In an era of restrictions on the number of freshman and transfer students accepted into computer science and engineering majors, the CSE department has embarked on what it calls a "targeted effort to build and disseminate resources for students interested in studying the computational sciences at UC San Diego." The project recently received a $75,000 grant following a highly competitive round of proposals submitted to the university's Academic Advising Innovation Grant Initiative.
Principal investigators Mia Minnes (pictured at right), who is a CSE Assistant Teaching Professor, and CSE Student Affairs Director Lynne Keith-McMullin were notified of the selection committee's decision in late June. According to Vice-Chancellor for Student Affairs Juan C. Gonzalez, the committee "awarded those proposals that most clearly demonstrated sustainability and impact on student retention and success."
With the new grant, Minnes and Keith-McMullin will develop a brochure and online, interactive resource available to prospective and current students interested in computational sciences with information they should take into consideration before picking a major. They will also engage an interdepartmental group of UC San Diego faculty, advisers, current students and alumni to reach out to local community colleges and high schools to host informational events, while also staging community briefing sessions, e.g., on Triton Day and Transfer Admit Day.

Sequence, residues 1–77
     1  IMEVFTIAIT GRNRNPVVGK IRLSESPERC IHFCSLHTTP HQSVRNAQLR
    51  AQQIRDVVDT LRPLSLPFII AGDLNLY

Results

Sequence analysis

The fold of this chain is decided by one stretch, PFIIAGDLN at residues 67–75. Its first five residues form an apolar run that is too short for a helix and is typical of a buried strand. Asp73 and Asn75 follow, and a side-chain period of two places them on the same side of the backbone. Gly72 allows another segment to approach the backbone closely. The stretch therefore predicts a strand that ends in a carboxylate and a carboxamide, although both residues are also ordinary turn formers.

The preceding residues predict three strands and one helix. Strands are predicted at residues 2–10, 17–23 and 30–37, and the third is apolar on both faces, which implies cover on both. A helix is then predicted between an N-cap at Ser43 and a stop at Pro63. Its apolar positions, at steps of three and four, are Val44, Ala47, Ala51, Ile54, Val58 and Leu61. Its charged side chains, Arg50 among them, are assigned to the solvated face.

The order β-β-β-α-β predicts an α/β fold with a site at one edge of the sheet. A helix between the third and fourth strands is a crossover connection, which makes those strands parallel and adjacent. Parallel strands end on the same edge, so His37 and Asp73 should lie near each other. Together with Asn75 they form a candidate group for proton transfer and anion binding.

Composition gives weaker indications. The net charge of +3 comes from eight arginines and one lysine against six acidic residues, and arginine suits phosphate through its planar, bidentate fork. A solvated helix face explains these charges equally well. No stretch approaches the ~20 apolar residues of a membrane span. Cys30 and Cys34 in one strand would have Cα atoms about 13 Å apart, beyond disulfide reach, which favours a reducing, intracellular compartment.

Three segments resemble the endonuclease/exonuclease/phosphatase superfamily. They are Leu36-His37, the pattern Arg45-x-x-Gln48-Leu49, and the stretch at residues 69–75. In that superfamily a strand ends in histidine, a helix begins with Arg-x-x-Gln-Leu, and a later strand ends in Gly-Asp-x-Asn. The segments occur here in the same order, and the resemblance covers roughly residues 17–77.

"The end goal of this initiative is to encourage students to consider their career goals and find the best majors to attain them," said Prof. Minnes. "We will engage advisers across campus to build the resources they need to advise their students who are interested in computational sciences. The colleges at UC San Diego are major advising partners and this project will strengthen the connection between them and departments.”
According to Minnes, one of the biggest challenges is guiding incoming students to shift from a major-based to this goal-based approach. "Many of them are singularly focused on becoming a CSE major and have not really thought through their academic and career goals," she said. "They often overlook majors that draw heavily on computational or algorithmic themes."
The most obvious alternate majors might include Biology (for computational biology or bioinformatics), and Cognitive Science, which has a specialization in computation. Roughly a dozen other alternatives range from Mathematics and Physics to Biology, Music and Visual Arts. They include the recently launched major in Speculative Design, and the pending Data Sciences majors proposed by CSE and Mathematics.